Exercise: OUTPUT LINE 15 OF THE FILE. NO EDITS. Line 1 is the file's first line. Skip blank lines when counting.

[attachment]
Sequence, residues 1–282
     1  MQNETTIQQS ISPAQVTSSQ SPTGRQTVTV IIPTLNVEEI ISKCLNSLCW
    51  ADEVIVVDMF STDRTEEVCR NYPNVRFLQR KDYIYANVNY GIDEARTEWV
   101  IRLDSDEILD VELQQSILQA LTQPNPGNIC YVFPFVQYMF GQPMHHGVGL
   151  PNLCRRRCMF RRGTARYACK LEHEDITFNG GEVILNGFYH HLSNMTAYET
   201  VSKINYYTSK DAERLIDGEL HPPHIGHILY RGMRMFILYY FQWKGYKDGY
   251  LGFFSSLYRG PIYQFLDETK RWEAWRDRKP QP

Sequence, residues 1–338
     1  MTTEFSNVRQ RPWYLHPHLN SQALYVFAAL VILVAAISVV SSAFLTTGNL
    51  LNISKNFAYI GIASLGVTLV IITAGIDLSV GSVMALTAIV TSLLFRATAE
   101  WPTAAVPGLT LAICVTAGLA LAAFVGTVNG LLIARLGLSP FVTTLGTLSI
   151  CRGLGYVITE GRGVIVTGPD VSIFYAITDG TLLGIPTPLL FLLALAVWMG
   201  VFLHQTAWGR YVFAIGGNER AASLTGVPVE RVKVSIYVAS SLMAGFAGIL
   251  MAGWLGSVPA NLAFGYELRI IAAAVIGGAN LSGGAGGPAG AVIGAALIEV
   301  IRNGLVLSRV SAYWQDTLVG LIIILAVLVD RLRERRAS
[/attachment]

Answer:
   301  IRNGLVLSRV SAYWQDTLVG LIIILAVLVD RLRERRAS